US Dollar Fights the Euro in a Battle With No Victor

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Recently by Bill Bonner: Debt
Delenda Est

 

 
 

We awoke to
a blizzard. After a few months away, we had forgotten how miserable
London’s weather can be. As near as we can tell, the sun doesn’t
reach this part of the world – at least, not in the winter
months. And the winter hasn’t even begun.

Snow, sleet,
rain – it is all coming down. But Londoners don’t seem
to mind. They trudge to work over their slippery sidewalks…march
over their frozen bridges…

Seeing them
coming over Blackfriar’s bridge, we remembered T.S. Eliot’s
line about how surprising it was that “death had left so many
undone.”

Eventually,
death gets us all. And not just us… Banks. Corporations. Trends.
Bull markets. Paper currencies. Monetary systems. Empires…

For example,
death seems to be stalking the euro as well as the dollar.

“Irish
rescue fails to appease markets,” says the front page of The
Financial Times.

Europe’s
leaders came up with €85 billion that was supposed solve the
Irish problem. It was especially important that it create a buffer
between Ireland’s banking and funding issues and those of the
rest of Europe.

Well, it took
about 24 hours for the buffer to give way. Now, Spain’s bolsa
is in freefall. Portugal’s asset prices are giving way. And
there’s pressure on Italy and even France. Even the biggest
banks are slipping (see below).

Yes, dear reader…and
you thought you had problems.

We had not
paid much attention to the European financial issues. We thought
we had enough to worry about already, what with Ben Bernanke trying
to destroy the dollar and the US going broke.

But hey…that’s
just the beginning.

Since Bernanke
announced his program to undermine the dollar, the old greenback
has actually risen against its main rival – the euro. How do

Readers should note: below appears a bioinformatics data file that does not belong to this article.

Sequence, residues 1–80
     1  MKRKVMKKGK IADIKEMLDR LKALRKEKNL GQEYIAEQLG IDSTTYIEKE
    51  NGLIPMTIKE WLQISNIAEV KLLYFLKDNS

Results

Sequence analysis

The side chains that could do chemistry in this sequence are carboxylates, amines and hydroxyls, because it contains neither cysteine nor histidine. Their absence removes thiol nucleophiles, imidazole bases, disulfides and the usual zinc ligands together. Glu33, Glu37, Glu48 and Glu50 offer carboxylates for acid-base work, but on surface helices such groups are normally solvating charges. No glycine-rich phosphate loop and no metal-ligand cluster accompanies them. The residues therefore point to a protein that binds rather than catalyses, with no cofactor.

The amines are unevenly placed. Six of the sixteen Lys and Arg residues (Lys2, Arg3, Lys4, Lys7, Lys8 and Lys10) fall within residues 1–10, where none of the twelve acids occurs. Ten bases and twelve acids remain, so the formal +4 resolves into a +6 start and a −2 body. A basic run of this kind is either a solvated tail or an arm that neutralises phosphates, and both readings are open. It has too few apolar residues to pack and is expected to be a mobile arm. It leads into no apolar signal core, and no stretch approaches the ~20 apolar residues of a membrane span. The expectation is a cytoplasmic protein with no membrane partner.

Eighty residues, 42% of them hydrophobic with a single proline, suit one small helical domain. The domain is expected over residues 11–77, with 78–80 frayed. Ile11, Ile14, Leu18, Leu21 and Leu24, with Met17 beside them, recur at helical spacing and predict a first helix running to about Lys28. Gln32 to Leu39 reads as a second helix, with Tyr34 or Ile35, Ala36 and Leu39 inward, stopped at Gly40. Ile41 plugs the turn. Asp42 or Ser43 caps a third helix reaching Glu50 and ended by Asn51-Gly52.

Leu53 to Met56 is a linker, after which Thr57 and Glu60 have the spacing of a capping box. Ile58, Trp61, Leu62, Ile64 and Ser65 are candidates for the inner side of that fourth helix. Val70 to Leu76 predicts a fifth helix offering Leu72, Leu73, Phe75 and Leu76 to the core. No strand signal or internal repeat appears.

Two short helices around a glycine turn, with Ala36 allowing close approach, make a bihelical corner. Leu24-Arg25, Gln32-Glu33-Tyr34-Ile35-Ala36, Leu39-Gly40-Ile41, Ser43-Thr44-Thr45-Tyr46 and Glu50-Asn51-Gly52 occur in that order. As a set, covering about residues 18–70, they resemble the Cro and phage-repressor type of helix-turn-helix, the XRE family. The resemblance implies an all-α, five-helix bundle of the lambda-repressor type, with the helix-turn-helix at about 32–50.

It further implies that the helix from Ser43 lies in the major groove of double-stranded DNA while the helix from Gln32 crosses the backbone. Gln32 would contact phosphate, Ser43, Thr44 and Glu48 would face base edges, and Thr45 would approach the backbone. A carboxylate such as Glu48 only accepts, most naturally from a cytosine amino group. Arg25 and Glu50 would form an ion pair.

you like that? Bloomberg reports:

The dollar
gained the most since August against six major counterparts as
concern that Europe’s debt problem will worsen and military
action in Korea will escalate boosted demand for the US currency
as a refuge.

The greenback
rose against the yen for a fourth straight week, the longest streak
in 20 months, after North Korea shelled a South Korean island
and said “escalated confrontation” will lead to war.
The euro fell for a third week versus the greenback as investors
speculated Portugal and Spain will be the next European countries
to need a financial rescue. The US added jobs in November for
a second month, data next week may show.

“The
euro has further to fall against the dollar,” said Kathy
Lien, director of currency research at online currency trader
GFT Forex in New York. “If there is a war amongst the Koreas,
the yen would fall off aggressively against the dollar.”

The problem
with the euro is that it is too good for many Europeans. Everyone
wants a flexible currency these days. That is, they want one that
will act like a good dog…one that will “get down”
off the furniture when it is told to do so.

Alas, all the
currencies are unruly mutts. The dollar won’t go down, even
though Ben Bernanke pulls the rug out from under it and gives it
the old “bitch slap” with the back of his hand. And the
euro won’t go down because the Germans don’t want it to
go down.

Of course,
this doesn’t make the Germans very popular with the Spanish…the
Irish…and the rest of the peripheral crowd. They want a cheap
currency so they can pay their debts. The Germans, on the other
hand, must have a kind of race memory for the horrors of the Weimar
days…when you could take a wheelbarrow full of paper money
to the store and not be able to buy a loaf of bread.

The more you
look at the European banking and sovereign debt crisis the more
dangerous and insoluble it seems. Try to fix one part of the problem
and you make another part worse.

The Germans
don’t want to pay to bailout the Spaniards…and the Italians…et
al.

But German
banks have nearly half a trillion euros worth of their debt.

The Irish taxpayer
doesn’t want to pay to bail out the banks either. He’s